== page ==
Evgeny Nikolaychuk on Vesti.FM: national media in Russia should take into account the audience’s needs

Evgeny Nikolaychuk on Vesti.FM: national media in Russia should take into account the audience’s needs

Russia is a multinational country, and this determines a large number of the national press published in it. 176 ethnic groups that speak 120 languages are registered in Russia. Almost all of them have their national media,” the Vestnik Kavkaza analyst, Evgeny Nikolaychuk said in the National Question program on Vesti.FM today.

"In total, there are officially 2,200 publications in national languages in Russia. Thus, in the Volga Federal District, about 400 newspapers are published in the languages of the peoples of Russia, in Dagestan - 465, in Adygea - 62, in Kalmykia - 73."

“At first glance, the situation is optimistic. The administrations of national regions are proud to report their support for the national press, they list publications in national languages, the journalistic contests are held. However, on closer examination, not everything is so great. In reality, the national leveling trend prevails leading to a gradual disappearance of national press from the country's media field. In the autonomous republics, autonomous okrugs and regions of the Russian Federation, the number of indigenous people who know their native language is shrinking, powerful assimilation is taking place. The exact number of national print media is unknown today: many of them are established, registered, but rarely printed. The number of copies is limited and they read by a very small percent of the audience since the return of printed numbers reaches 80%. And this is even though a significant part of newspapers and magazines is subsidized from the state budget and distributed free of charge,” Evgeny Nikolaychuk said.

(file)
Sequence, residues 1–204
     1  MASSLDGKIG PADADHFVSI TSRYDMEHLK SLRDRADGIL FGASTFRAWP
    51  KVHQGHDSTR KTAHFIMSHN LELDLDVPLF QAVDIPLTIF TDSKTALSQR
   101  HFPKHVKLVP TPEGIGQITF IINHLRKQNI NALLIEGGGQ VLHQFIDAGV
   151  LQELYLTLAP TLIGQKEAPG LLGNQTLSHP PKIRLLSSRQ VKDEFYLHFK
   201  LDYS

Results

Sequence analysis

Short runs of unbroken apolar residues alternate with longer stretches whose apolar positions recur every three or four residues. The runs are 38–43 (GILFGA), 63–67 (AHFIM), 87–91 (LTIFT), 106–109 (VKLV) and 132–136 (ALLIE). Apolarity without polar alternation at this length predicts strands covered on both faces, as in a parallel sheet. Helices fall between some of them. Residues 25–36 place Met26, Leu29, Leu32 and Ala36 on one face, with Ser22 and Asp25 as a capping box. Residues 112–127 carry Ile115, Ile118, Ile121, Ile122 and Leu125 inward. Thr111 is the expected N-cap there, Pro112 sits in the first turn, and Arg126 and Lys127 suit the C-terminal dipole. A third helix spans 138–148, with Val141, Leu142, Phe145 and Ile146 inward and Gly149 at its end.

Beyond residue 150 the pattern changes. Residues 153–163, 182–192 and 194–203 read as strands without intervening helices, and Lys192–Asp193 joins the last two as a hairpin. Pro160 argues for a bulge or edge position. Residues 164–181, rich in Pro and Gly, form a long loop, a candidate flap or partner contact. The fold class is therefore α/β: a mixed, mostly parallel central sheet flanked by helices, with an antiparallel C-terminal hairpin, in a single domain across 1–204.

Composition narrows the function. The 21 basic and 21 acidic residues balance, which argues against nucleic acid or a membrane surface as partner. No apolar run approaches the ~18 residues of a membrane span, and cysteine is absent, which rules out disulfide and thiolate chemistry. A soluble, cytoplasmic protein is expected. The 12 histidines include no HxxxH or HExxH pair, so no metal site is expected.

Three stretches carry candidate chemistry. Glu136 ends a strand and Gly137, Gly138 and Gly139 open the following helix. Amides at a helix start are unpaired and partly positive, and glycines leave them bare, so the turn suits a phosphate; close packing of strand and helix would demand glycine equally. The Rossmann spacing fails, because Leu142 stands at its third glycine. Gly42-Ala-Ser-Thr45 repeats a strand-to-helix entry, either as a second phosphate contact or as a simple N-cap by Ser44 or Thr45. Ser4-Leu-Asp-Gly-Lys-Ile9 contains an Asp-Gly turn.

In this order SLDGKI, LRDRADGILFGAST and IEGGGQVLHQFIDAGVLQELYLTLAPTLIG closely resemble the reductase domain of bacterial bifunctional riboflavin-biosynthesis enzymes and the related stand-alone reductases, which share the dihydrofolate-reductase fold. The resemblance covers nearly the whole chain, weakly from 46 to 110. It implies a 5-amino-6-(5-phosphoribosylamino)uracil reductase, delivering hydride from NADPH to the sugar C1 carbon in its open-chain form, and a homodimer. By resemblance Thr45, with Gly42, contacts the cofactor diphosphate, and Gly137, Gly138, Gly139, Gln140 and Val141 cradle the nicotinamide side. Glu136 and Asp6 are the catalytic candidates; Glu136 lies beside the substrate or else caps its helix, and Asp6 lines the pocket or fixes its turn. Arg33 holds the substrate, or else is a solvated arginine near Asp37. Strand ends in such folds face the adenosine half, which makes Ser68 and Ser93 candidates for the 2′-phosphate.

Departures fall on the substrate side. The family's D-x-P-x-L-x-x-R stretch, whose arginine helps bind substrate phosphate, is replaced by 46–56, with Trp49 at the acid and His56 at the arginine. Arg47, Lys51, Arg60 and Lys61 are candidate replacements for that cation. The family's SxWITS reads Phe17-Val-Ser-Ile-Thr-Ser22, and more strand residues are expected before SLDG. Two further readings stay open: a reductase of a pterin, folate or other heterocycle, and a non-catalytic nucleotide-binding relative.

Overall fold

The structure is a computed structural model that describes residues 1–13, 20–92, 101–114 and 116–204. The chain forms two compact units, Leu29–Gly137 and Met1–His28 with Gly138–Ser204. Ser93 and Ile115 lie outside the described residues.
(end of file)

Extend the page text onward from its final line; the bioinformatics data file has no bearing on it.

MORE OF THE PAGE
”The media printed in the national languages should change in the same way as large federal media. If they are deprived of state support today, they will immediately disappear from the information field. The consequences of this ”dying” of national media are obvious - it threatens the preservation of the small nations and nationalities languages, and, therefore, the preservation of national cultures and life of the nation itself. "

To preserve the national press, national media must understand and take into account the changing demands of their audience, learn how to create the content that readers will find only (or above all) in publications in their native language and which the Russian-language press does not offer them. To find their constant and loyal readers, national media must occupy their own “national” niche, for example, cultural, religious, youth, and other thematic publications that today remain popular and relevant. Evgeny Nikolaychuk highlighted the case of the Baku magazine published for 12 years already.

"Its popularity is simply explained: it unites not just Azerbaijanis, but Baku residents. People want to feel that they belong not to some abstract ethnic community, but primarily to their people. They are looking for their national roots, traditions, striving to become carriers of a vibrant national culture to pass it to their children and grandchildren. A new ethnonational ideology is being created in Russia, and now the only question is how quickly the national media can get involved in this process,” the analyst concluded.

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